US 4622567 A
The invention discloses a compact construction of an n-channel surface MOS source follower in a p-pocket in an n-type substrate. The source is connected to the p-pocket in order to avoid feedback. The drain is connected to the substrate which acts as a supply line. This construction permits manufacturing several output amplifiers with a minimum pitch. The invention is of particular importance for CCD sensors.
1. A semiconductor device comprising an integrated circuit provided at a surface of a semiconductor body of one conductivity type, constructed in accordance with insulated gate field effect device technology and having a plurality of output stages with output amplifiers for converting signals, each output stage having an input for supplying a signal and an output for deriving the transformed signal, a separate surface-adjoining surface region of the second conductivity type for each output stage provided in said semiconductor body, an insulated gate field effect transistor formed in said surface-adjoining surface region and comprising a surface-adjoining source zone of the one conductivity type located entirely within the surface region and provided with a source contact which is also directly connected to the surface region, a surface-adjoining drain zone of the one conductivity type which is located only in part in the surface region and extends beyond the edge of the surface region into the part of the semiconductor body of the one conductivity type surrounding the surface region, and an insulated gate connected to the input of the output stage, the source contact being connected to the output of the output stage.
2. A semiconductor device as claimed in claim 1, characterized in that the source zone is arranged substantially centrally in the surface region of the second conductivity type and in that, viewed on the surface, the drain zone and the gate electrode have a closed configuration and extend throughout the circumference of the surface region.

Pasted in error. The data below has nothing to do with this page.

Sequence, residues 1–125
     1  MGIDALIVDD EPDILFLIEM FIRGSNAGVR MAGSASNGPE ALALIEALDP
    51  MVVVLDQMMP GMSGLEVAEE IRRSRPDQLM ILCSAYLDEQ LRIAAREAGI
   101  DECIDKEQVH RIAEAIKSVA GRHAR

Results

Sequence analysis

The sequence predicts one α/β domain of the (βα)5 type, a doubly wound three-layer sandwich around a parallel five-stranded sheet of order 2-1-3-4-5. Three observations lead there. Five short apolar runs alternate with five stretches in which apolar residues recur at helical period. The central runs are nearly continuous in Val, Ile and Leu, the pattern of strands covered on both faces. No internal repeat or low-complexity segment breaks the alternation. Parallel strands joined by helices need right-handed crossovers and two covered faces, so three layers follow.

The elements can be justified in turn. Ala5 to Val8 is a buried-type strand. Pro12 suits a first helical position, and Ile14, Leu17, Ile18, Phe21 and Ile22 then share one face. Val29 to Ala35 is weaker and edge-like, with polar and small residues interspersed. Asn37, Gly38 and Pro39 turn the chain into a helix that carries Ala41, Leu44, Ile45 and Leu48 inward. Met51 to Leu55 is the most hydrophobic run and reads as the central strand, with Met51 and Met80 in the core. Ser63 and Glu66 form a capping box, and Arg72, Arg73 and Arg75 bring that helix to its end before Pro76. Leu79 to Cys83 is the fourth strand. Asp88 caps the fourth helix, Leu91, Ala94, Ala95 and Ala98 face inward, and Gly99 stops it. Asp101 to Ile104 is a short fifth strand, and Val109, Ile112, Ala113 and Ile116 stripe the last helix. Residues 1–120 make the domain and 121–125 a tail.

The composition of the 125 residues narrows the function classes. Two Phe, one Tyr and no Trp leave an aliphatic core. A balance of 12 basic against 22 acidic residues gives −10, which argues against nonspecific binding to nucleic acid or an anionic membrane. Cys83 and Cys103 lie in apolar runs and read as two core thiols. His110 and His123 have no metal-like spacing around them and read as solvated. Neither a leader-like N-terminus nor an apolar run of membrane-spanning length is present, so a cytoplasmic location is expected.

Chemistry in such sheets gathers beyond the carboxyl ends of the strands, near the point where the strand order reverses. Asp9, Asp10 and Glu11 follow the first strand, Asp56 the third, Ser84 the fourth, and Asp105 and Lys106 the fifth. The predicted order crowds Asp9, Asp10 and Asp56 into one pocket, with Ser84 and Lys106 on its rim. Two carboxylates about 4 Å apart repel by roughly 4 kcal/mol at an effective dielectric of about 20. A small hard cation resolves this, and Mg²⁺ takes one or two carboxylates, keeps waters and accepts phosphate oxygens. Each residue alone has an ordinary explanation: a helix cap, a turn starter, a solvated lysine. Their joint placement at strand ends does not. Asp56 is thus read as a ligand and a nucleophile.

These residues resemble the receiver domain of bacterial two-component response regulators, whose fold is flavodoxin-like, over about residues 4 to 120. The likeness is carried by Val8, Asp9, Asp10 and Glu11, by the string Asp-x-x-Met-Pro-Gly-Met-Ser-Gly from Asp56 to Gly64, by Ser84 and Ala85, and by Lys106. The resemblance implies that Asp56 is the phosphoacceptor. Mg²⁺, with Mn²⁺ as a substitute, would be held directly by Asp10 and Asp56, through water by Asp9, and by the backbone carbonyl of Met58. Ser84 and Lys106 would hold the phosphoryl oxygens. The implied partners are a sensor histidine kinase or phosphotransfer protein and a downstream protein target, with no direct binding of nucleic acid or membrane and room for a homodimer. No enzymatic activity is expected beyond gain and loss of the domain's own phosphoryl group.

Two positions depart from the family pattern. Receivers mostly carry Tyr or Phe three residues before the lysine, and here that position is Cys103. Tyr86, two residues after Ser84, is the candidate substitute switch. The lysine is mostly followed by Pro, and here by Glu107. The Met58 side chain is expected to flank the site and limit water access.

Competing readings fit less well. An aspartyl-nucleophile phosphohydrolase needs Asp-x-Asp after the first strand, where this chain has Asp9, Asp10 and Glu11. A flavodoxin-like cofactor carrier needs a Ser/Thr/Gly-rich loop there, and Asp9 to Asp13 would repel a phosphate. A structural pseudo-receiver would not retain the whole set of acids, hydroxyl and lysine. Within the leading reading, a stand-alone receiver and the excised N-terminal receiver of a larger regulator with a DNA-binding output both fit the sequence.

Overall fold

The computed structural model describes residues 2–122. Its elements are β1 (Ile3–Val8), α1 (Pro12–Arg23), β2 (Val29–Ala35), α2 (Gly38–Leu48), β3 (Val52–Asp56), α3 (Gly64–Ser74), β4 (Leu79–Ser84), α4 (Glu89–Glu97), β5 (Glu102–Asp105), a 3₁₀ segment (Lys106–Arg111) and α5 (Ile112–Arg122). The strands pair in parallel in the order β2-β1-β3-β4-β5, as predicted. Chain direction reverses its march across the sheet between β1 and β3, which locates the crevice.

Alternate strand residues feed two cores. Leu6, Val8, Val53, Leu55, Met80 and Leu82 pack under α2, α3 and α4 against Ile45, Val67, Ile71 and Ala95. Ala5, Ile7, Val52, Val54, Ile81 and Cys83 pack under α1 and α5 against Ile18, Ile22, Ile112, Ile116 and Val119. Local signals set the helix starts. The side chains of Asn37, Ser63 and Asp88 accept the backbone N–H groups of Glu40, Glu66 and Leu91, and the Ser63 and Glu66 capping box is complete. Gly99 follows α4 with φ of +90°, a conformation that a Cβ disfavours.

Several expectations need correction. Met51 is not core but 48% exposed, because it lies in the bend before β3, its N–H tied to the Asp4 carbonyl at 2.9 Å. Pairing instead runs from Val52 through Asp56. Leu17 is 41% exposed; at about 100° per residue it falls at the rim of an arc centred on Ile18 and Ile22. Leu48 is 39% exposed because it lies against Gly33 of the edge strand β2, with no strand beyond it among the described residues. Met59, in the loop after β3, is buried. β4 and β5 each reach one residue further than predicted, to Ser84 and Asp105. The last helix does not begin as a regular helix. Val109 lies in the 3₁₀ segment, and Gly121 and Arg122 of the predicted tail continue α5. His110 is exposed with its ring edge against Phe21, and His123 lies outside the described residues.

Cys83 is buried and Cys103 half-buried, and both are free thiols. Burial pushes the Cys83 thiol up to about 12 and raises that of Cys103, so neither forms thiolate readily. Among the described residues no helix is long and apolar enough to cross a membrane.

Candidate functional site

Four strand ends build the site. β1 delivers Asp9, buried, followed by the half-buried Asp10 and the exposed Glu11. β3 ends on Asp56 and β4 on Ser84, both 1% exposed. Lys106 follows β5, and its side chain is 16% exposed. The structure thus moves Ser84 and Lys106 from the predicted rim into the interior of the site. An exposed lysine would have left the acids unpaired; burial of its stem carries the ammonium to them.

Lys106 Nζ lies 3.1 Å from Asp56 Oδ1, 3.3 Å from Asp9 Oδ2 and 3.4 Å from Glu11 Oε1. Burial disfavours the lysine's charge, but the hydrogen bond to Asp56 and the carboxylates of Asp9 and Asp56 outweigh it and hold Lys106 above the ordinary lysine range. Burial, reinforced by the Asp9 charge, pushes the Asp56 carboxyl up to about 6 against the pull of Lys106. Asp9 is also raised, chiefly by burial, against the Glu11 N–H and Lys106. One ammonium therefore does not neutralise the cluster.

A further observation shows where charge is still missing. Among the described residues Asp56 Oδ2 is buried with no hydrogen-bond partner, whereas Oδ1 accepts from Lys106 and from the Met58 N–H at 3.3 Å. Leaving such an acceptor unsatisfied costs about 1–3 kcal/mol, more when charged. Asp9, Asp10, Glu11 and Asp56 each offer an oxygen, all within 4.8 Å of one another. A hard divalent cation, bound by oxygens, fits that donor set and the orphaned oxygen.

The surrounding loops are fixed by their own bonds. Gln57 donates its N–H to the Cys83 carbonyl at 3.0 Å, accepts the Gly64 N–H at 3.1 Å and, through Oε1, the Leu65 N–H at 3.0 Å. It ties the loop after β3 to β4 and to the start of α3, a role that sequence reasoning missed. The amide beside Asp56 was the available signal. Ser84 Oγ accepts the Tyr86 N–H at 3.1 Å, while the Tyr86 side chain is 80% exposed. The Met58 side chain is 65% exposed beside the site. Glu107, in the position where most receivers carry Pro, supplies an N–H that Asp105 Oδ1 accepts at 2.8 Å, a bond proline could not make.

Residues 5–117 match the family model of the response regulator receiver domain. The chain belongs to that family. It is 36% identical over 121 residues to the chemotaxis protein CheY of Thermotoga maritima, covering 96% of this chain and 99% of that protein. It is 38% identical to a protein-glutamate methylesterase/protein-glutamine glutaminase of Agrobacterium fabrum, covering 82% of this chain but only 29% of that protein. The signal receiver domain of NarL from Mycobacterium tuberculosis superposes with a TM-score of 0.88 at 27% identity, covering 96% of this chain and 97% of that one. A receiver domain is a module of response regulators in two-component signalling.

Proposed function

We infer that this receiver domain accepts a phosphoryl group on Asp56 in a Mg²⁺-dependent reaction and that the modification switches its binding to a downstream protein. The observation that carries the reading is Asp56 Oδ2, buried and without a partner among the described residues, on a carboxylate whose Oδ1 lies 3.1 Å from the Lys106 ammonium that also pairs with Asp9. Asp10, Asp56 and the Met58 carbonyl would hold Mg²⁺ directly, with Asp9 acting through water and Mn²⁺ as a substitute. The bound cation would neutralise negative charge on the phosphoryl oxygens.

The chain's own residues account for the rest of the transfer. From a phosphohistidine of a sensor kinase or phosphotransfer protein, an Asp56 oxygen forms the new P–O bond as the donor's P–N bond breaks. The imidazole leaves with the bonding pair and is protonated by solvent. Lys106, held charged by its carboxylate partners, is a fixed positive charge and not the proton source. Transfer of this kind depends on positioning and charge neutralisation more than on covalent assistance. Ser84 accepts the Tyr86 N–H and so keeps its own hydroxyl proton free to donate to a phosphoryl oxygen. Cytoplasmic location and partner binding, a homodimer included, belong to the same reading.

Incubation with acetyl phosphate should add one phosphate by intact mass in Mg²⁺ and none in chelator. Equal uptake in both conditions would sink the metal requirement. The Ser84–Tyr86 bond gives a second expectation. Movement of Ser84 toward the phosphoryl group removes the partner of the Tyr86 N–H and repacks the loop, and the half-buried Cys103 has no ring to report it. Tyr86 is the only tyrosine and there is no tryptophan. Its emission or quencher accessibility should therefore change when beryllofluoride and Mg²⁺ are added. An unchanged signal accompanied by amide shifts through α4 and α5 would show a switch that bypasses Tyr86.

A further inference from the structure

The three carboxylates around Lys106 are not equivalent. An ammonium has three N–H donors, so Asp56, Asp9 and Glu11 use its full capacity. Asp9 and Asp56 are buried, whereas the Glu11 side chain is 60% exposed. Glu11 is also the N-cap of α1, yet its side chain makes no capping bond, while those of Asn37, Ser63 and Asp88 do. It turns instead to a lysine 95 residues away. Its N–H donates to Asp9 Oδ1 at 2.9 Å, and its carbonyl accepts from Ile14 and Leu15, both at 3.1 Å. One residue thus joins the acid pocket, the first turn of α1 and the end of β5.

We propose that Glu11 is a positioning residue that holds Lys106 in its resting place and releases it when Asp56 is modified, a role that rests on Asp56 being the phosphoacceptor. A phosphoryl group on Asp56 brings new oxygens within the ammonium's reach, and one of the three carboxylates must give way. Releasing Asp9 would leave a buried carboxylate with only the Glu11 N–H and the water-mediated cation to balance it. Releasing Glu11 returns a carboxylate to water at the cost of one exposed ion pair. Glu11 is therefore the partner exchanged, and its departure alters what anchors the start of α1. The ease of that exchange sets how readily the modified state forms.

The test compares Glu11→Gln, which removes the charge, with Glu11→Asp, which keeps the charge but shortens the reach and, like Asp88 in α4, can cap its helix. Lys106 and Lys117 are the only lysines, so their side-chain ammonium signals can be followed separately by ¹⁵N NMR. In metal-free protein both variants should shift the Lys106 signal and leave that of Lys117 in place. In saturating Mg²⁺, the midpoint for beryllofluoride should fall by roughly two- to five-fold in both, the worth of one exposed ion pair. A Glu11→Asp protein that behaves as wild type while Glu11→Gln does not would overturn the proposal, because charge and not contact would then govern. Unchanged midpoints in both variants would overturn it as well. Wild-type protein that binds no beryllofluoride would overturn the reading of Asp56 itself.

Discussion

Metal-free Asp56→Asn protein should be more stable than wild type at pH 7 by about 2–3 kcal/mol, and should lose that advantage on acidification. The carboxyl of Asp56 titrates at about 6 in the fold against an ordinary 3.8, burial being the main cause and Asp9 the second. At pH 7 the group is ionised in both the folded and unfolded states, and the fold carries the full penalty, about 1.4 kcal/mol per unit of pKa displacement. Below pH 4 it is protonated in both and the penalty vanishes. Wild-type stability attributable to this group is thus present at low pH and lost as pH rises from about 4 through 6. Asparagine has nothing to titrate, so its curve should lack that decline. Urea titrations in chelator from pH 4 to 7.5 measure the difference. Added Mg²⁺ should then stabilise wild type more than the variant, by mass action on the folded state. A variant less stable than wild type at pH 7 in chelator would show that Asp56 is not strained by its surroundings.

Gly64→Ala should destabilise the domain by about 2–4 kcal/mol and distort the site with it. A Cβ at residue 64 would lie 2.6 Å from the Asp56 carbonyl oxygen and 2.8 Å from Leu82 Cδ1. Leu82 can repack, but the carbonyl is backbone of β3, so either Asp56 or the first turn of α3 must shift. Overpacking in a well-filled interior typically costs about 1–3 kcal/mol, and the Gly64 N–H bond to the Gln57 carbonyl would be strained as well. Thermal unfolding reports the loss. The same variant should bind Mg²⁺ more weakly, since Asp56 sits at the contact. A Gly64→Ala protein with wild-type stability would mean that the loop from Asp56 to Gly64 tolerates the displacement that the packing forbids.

3. A semiconductor device as claimed in claim 1 or 2, characterized in that the source zone is provided with openings through which the pn junction between the surface region of the second conductivity type and the source zone of the first conductivity type adjoins the surface and is shortcircuited by means of the source contact.
4. A semiconductor device as claimed in claim 1 or 2, characterized in that the circuit comprises at least two output stages, the surface regions of the second conductivity type associated with these stages being arranged beside each other and the field effect transistors formed in these surface regions having a common drain zone which extends in the two surface regions and in the intermediate part of the semiconductor body.
5. A semiconductor devive as claimed in claim 4, characterized in that the inputs of the output stage are coupled to the output of a number of adjacent charge-transfer devices extending parallel to the surface and substantially parallel to each other in the semiconductor body, the pitch between two adjacent charge-transfer devices being at least in part equal to the pitch between the associated surface regions of the second conductivity type.
6. A semiconductor device as claimed in claim 5, characterized in that the charge transfer devices constitute a reading register of an image sensor device, for which there is formed in the semiconductor body a further surface region of the second conductivity type, in which a number of photosensitive elements are defined, by means of which absorbed electromagnetic radiation can be converted into a number of charge packets of the one type, means being provided by which charge packets thus generated are introduced into said charge-transfer devices for sequentially reading the packets.